Building a home can be stressful. Savvy homeowners choose a builder who will make it less so. But beyond making certain the company is licensed and insured and has provided a fair bid and a professional contract, how do owners determine whether a company will deliver on its promises and not tax their sanity? The answers lie in good systems. Companies with clearly defined management systems tend to be better organized, communicate more effectively and minimize unwanted surprises.
Three key systems that are key to a comfortable building process have to do with communications, schedules and responsibilities.
Communications. A recent Consumer Reports survey of more than 900 homeowners confirmed that, when it comes to building projects, miscommunication is the root of most ills. That's why smart builders have solid processes for keeping homeowners informed at all times. Signs of a company that communicates well include detailed project descriptions (leaving no question about what the finished product will include), the ability to explain financial concepts (where, exactly, the dollars are going) and regular meetings.
Meetings eliminate problems by getting everyone to think through the job. A good example is the preconstruction meeting, where the homeowner meets with the builder's team to review plans, schedules and job rules. This is also a time for the homeowner to ask questions and make requests (for example that certain trees be protected during construction).
Ongoing meetings, at a schedule agreed on by the builder and homeowner, tend to be shorter and less formal, but keep everyone updated on job progress and let the homeowner voice concerns and questions.
Schedules and Payments. The old adage "fail to plan, plan to fail" may have been penned by a builder: a schedule that details the job from start to finish is crucial to getting things done on time and within budget. Of course weather delays, delivery problems, change orders, and other unforeseen events can shift production schedules over time, but a well-managed company starts with a plan and updates everyone should dates change.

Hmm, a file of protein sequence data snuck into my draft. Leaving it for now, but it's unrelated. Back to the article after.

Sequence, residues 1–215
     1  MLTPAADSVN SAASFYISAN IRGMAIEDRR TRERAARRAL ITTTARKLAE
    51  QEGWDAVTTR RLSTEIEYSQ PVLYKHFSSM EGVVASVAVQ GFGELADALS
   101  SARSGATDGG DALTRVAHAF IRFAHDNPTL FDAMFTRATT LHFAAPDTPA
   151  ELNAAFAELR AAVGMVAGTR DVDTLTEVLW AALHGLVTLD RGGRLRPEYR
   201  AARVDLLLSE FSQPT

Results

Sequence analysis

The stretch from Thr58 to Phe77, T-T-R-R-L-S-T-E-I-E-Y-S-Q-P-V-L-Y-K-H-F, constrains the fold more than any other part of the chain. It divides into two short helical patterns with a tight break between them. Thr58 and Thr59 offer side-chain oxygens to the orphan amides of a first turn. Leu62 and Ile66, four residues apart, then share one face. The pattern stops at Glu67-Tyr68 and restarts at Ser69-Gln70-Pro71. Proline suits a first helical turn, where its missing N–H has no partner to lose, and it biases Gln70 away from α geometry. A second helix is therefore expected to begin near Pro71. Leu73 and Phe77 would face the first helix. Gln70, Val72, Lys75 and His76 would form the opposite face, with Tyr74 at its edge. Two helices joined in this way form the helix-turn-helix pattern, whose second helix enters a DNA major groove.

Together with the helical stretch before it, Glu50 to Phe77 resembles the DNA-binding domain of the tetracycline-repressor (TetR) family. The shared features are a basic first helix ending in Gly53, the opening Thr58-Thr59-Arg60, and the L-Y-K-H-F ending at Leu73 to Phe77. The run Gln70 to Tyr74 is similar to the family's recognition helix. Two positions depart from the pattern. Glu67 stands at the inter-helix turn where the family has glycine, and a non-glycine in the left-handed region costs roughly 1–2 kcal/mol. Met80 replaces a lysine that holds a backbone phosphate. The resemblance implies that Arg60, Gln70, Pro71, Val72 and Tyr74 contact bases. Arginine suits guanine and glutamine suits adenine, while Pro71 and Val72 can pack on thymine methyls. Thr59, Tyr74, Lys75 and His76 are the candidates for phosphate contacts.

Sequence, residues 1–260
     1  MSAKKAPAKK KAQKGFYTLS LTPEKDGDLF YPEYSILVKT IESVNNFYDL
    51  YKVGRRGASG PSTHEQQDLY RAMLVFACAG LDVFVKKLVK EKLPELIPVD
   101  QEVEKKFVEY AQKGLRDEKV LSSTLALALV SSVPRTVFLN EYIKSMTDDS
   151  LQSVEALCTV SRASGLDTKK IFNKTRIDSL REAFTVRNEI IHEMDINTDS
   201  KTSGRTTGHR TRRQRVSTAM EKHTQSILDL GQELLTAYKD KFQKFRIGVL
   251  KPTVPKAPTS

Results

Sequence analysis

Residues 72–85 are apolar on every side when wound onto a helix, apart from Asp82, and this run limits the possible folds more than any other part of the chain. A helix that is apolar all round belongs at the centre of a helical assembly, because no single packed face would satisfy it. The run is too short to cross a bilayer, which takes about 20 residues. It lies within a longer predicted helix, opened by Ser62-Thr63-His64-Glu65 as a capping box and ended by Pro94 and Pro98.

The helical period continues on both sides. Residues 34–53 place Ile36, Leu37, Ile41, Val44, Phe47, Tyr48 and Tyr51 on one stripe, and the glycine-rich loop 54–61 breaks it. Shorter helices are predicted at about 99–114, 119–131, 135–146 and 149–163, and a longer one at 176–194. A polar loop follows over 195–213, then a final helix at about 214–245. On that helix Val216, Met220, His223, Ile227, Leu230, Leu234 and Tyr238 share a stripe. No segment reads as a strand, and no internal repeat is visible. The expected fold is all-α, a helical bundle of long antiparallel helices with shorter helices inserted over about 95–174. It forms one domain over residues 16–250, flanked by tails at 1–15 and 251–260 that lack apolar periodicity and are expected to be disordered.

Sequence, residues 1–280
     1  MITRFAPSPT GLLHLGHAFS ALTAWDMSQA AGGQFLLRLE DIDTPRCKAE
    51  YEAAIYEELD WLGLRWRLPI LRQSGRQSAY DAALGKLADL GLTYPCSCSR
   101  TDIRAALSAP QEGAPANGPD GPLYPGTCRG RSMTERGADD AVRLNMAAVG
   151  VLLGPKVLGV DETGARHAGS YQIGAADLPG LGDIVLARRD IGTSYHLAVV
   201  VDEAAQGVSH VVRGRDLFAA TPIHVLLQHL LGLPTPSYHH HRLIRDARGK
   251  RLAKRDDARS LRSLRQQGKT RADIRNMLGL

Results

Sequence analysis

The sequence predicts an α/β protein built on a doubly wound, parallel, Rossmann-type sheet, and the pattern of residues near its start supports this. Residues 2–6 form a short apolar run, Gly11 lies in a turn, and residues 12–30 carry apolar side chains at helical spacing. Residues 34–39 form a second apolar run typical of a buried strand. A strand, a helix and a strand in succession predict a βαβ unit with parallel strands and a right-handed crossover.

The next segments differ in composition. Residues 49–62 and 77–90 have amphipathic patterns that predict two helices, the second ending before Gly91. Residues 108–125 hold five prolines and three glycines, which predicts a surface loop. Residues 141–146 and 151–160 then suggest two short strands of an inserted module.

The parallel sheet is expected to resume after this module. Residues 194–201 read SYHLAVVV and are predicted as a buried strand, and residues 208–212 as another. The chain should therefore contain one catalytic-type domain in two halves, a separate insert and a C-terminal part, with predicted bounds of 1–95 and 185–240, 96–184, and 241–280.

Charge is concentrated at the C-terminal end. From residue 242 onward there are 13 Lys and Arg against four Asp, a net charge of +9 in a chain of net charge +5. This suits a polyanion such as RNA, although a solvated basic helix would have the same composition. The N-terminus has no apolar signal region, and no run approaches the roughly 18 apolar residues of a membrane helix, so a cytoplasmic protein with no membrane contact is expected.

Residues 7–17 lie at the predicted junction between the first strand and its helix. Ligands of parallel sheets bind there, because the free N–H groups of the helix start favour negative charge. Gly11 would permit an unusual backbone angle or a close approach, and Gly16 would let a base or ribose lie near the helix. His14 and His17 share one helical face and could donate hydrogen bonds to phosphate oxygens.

Payment schedules are just as important. The builder receives a percentage of the job cost as a down payment, and subsequent payments on completion of certain milestones: the finish of framing, the completion of mechanical and insulation inspections, etc. Well-planned payment schedules allow owners to clearly understand what is expected of them and helps the builder to manage his resources over the course of construction.
Who, what, when? As a Professional Builder, we invest time to help our clients understand how our team is organized and how to interact with team members. Who will be responsible for the job at each stage, including the final closeout and punch list? Who to contact with questions or concerns, what's the best way to make contact, and how long before you can expect a response?
Understanding how the builder handles these kind of issues has real payoffs. The answers will indicate how effectively a builder communicates, pays attention to details, and has systems for getting things done on time and according to plan -- all of which help make the building process the positive experience it should be.
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